How To Make Design More Critical
I studied art and now work in design. An interesting thing happens when you move from art to design. You tend to become less critical and become more effective. John Maeda is known for stating that design makes solutions and art makes questions. Design also questions. But art tends to be more critical. Art can also make solutions but does so to question, to criticize. Design can fall into the trap of not questioning enough and losing criticality. Art can fall into the trap of easy criticism from the sidelines. Art can be easily dismissed. If art becomes l’art pour l’art, entertainment, it loses its power to criticize. The trick is finding the right balance. In my case, to make design more critical.
“Design makes solutions. Art makes questions.” — John Maeda
Levels of criticality
To me, critical is a scale. Terms like critical thinking imply that there is a fixed amount of criticality. But like all things, criticality is relative. What is critical to one person can be not so critical to another. It all depends on how much you are willing and able to question. If you are too critical, you lose people. If you are not critical enough, you don’t contribute enough.
In design projects, I find it good practice to try to raise the level of criticality. When a design project starts, the level of criticality is often quite low. Clients often come in with a request for a specific solution that needs to be designed. The first thing a designer does is to start questioning. What is the purpose of this solution that you want me to design? Why do you need this solution? What is the context of this solution? What is the problem we are trying to fix here? Why do you have this problem? There are levels of criticality in the questions a designer asks. Clients are only able to go along so far on this criticality ladder. The thing with design is that the deeper you can dive into the problem, the more effective the solution you can design will be. The quality of the questions determines the quality of the solution. Elon Musk is known for stating that if you found the right question, the answer is relatively easy.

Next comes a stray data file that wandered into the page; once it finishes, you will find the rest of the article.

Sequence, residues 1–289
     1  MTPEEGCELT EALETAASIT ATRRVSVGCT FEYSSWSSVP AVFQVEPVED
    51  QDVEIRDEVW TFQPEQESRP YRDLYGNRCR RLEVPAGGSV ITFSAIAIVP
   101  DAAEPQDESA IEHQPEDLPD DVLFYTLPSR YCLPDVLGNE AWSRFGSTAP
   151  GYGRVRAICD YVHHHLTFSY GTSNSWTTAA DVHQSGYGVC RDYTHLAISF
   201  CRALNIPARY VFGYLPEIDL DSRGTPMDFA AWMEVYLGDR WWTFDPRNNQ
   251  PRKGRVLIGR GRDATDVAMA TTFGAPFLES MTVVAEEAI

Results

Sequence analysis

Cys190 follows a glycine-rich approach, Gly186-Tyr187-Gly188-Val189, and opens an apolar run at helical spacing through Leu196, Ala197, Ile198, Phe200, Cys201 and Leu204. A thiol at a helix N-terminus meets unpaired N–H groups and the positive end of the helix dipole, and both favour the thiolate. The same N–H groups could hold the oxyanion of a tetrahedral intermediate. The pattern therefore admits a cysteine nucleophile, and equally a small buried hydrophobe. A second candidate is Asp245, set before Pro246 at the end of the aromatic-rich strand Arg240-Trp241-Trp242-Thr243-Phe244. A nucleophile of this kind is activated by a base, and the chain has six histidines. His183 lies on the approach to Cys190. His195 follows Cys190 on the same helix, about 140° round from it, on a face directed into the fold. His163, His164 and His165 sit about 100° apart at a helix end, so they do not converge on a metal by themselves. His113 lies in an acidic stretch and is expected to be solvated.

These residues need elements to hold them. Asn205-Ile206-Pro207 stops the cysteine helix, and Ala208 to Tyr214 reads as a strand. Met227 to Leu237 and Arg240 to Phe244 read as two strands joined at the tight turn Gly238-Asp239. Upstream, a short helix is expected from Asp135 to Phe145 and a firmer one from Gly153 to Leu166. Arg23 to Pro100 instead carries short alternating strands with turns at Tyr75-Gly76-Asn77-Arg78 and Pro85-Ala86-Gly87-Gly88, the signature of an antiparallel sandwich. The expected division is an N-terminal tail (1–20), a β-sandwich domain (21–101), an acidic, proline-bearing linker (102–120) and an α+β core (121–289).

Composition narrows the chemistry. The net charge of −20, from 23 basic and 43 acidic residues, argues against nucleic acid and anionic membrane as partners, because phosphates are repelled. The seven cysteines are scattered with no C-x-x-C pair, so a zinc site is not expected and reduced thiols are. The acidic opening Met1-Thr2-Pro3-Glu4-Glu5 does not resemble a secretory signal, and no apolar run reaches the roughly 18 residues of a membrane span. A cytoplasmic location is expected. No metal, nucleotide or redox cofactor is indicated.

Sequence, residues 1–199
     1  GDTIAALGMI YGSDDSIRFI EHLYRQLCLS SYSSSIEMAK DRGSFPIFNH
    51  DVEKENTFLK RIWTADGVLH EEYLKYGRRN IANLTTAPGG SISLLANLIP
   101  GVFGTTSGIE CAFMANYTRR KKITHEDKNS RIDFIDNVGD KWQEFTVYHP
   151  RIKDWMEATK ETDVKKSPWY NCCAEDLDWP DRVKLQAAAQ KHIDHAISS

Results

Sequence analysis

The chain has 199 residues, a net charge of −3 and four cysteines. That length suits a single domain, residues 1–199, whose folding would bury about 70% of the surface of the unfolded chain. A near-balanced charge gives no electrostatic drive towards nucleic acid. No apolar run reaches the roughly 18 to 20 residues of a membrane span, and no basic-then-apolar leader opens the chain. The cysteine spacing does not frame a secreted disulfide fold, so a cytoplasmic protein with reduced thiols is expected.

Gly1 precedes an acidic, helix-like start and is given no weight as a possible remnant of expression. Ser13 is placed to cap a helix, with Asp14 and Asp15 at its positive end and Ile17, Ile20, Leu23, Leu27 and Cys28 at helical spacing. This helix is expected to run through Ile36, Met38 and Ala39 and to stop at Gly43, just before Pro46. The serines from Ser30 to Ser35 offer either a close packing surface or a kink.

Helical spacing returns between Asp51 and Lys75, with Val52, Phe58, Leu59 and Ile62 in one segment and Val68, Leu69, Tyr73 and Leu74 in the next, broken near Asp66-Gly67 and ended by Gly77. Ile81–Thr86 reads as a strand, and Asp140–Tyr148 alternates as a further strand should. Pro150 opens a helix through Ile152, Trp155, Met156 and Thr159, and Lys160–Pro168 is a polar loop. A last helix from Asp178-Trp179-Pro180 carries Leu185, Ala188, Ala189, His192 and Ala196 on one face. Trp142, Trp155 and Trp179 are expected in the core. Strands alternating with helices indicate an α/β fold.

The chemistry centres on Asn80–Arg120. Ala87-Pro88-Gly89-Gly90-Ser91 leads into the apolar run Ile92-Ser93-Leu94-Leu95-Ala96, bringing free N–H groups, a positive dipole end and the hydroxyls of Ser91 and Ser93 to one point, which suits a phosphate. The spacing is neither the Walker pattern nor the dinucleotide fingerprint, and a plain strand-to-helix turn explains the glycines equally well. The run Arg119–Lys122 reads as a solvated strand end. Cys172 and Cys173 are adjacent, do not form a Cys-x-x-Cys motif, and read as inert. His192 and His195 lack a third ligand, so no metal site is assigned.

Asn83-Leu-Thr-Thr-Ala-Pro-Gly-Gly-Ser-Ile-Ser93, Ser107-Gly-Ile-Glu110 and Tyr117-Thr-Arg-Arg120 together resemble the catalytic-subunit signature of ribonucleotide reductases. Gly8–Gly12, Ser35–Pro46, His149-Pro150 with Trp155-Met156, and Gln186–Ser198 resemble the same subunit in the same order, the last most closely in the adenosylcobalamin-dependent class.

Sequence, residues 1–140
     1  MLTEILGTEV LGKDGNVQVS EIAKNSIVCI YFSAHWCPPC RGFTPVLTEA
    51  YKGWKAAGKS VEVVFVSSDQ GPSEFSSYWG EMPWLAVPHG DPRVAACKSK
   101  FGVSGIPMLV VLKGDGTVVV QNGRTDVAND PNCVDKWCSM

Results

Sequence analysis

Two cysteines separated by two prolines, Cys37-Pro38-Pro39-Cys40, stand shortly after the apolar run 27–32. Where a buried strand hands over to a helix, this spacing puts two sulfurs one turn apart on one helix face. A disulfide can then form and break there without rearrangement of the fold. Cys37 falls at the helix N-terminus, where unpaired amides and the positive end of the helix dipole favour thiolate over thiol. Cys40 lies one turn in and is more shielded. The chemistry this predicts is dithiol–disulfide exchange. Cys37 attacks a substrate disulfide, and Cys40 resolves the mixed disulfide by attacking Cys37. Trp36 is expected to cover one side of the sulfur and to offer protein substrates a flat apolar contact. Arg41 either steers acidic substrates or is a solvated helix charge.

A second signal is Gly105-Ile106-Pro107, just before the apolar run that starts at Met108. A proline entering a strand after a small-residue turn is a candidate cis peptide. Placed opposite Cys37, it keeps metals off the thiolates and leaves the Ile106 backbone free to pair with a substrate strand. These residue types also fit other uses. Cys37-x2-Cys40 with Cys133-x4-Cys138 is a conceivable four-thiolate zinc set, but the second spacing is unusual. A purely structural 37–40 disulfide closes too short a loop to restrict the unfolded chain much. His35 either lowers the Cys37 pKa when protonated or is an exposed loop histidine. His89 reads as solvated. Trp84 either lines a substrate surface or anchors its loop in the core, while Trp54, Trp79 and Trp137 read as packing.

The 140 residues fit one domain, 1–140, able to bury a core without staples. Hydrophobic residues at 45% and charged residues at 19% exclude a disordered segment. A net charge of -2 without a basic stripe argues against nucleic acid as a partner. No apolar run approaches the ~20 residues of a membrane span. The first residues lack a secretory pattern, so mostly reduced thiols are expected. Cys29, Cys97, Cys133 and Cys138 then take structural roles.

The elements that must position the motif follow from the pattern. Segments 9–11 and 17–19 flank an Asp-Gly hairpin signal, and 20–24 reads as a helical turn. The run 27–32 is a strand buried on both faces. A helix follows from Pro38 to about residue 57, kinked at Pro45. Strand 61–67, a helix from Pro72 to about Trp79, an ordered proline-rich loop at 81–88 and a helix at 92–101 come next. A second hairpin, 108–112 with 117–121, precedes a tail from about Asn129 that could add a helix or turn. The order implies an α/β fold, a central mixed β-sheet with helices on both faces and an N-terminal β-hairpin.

“Once you figure out the question, then the answer is relatively easy.” — Elon Musk
The secret to design thinking is making solutions that question. The trick of design thinking is mixing making and thinking. Most people don’t realize that making is also a form of thinking.
This means that when you make something, you think. Mostly this will be visual thinking which is different from lingual thinking. When you make something, you cannot help but reflect. The thing you are making starts talking to you: asking you questions, handing you solutions. This creates a totally different way of thinking and will generate totally different solutions.
Open up the creative conversation
If making is a form of thinking, this also means you can ask questions by making, by designing. Design thinking is about opening up the design process. Normally a design process is only between a designer and the design he or she is making. So the conversation, the questions, the answers are only between the designer and the design. But if you open up the design process and you involve other stakeholders in the conversation that comes from making things, you can tap into the capacities of others, let all stakeholders benefit from the creative conversation that arises from making things.
More critical questions